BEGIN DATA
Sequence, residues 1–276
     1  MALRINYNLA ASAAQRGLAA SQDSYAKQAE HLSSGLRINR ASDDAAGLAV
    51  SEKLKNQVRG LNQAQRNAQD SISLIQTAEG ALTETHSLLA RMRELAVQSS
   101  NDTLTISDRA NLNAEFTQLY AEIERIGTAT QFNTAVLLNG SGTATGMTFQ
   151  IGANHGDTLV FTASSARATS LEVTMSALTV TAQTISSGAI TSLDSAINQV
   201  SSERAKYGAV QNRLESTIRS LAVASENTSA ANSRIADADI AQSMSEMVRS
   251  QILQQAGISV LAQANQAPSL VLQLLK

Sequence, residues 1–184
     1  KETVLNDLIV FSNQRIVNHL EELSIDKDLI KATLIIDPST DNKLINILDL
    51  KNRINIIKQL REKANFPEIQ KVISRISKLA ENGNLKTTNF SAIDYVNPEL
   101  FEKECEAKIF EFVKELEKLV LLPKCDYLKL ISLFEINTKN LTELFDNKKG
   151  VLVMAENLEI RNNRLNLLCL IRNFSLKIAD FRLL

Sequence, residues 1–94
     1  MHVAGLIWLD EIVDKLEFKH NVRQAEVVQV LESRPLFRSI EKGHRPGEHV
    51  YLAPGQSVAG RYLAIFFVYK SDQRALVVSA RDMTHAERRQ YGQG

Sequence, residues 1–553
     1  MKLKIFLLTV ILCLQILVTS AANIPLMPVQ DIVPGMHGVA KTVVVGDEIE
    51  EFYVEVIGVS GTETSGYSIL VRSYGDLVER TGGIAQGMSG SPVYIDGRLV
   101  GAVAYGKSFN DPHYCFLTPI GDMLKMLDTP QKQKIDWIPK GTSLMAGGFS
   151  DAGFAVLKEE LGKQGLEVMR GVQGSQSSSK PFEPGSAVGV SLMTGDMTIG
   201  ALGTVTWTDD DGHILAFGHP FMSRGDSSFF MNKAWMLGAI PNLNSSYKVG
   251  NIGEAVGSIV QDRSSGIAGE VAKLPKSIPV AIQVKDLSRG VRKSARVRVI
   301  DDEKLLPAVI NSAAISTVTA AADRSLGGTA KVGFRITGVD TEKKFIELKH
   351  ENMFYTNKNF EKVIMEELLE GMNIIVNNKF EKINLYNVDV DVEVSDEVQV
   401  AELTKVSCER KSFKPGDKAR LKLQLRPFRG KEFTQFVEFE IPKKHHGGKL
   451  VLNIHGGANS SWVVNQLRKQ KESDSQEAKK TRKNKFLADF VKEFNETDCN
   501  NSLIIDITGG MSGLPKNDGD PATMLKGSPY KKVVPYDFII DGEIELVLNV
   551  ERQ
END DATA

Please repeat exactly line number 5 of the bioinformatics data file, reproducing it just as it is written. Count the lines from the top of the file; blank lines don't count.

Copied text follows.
   151  IGANHGDTLV FTASSARATS LEVTMSALTV TAQTISSGAI TSLDSAINQV